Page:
A nutritionist recently filed a complaint with the Equal Employment Opportunity Commission (EEOC) against her former employer, a cardiologist at an age-management clinic in Manhattan. She alleges that the doctor routinely subjected her to sexual harassment, including inappropriate sexual comments and unwanted physical contact, and that she was fired in retaliation for complaining about the doctor’s conduct. Federal, state, and New York City laws prohibit employment discrimination based on a person’s sex, and they all treat sexual harassment as a form of unlawful discrimination.
The complainant, a 32-year-old nutritionist and exercise counselor, began working for the age-management clinic in October 2011. She claims that he problems with the 53-year-old doctor began soon afterward, and continued until the end of her employment with the practice. The practice is part of a national chain, and the doctor is the director of its New York branch. He allegedly made inappropriate comments about the complainant’s appearance on a regular basis. He also, she claims, told her to look at naked pictures of patients, supposedly to “see how they responded to testosterone treatments.” He said that the pictures were for his medical journal, but the complainant said that he had them stored on his cell phone. She refused to look at the pictures and told him that they made her uncomfortable. He allegedly persisted, and also tried to show her more sexually-explicit pictures and text messages. The doctor also allegedly bragged to others in the office about providing Botox treatments to female patients in exchange for sexual favors.
The office manager, upon receiving reports of the doctor’s alleged conduct from the complainant, did not take any formal action but began accompanying her to the doctor’s office. After the office manager quit, the complainant claims that the doctor became more aggressive. She states that he attempted to kiss her on the mouth and hugged her while “pushing his hips” forward on several occasions. In August 2013, she claims that he came into her office and made a direct proposition for sexual activity. She went to a co-worker, who reported the matter to the new office director. The report came back to the doctor, who allegedly told her she had “a big mouth.” She claims that she was “ostracized” within the office after that, and was fired without cause in December.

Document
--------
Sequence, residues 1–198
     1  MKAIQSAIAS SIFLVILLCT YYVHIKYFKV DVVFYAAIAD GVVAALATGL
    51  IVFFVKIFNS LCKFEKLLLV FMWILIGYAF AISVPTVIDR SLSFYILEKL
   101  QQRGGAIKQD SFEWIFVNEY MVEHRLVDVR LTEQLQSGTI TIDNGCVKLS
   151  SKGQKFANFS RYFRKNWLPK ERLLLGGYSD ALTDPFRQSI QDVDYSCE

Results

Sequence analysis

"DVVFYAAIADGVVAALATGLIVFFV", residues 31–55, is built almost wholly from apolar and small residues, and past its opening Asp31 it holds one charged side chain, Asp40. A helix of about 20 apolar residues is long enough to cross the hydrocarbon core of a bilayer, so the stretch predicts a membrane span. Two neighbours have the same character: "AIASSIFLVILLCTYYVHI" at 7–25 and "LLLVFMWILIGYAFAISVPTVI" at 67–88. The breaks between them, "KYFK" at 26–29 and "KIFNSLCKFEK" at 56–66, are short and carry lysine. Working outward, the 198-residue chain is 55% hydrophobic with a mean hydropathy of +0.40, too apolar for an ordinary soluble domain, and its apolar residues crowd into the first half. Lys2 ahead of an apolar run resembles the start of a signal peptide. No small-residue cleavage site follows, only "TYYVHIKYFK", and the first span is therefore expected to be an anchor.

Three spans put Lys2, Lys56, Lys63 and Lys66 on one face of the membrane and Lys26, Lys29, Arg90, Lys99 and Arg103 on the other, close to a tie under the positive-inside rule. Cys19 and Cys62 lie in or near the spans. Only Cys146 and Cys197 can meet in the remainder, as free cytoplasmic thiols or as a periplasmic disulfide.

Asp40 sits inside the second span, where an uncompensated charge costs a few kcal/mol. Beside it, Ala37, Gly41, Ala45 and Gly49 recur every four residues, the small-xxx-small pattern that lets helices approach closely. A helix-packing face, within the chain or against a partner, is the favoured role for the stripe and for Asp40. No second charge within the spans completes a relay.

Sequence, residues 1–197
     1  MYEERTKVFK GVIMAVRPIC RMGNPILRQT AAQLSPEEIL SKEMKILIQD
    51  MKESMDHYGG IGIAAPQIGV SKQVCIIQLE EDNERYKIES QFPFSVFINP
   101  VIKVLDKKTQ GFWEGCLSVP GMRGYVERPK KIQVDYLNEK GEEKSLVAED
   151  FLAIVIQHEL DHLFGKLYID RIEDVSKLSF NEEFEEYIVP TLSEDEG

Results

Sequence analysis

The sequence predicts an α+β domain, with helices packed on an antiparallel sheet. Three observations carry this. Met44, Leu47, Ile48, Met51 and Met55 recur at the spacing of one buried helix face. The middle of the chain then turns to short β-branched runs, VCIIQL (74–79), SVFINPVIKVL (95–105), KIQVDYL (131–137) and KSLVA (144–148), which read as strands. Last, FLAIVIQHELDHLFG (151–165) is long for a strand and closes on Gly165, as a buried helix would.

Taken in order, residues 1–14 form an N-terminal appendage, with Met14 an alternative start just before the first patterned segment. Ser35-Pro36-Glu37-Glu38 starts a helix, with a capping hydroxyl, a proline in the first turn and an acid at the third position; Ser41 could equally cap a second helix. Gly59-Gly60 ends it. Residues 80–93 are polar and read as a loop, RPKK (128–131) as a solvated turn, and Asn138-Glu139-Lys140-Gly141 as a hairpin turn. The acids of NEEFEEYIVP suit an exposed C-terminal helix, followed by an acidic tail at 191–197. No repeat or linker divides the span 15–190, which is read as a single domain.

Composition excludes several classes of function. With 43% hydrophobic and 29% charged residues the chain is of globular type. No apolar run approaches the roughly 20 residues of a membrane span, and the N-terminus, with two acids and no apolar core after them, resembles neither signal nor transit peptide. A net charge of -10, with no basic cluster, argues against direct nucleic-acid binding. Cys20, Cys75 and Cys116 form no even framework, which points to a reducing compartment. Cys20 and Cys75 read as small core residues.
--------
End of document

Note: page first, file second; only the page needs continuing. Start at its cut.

She told the New York Daily News that she is suing the doctor and the practice to recover compensation “for the loss of work, stress and anxiety.” Title VII of the Civil Rights Act of 1964 allows an employee to recover damages for lost wages and other actual damages, as well as non-economic damages like mental anguish. It also allows punitive damages if the employer acted with recklessness or malice. The allegations against the doctor, if true, certainly seem to fit a general definition of “reckless” or “malicious,” and the complainant stated that she wants the respondents to “learn their lesson.” If the EEOC cannot settle the claim with the respondents, it will determine whether it will file suit on the complainant’s behalf. If it decides not to file suit, she may file on her own.
The sexual harassment attorneys at Phillips & Associates represent the rights of workers in New York City and surrounding areas, asserting claims of harassment and discrimination at the municipal, state, and federal levels. To schedule a free and confidential consultation to discuss your case, please contact us today online or at (866) 229-9441.
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EEOC Settles Sexual Harassment, Sex Discrimination Claim with Bank for $1.45 Million, New York Employment Attorney Blog, March 12, 2014
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University Dismisses Chair of Philosophy Department After Report Finds Extensive Sexual Harassment and Hostile Work Environment, New York Employment Attorney Blog, February 6, 2014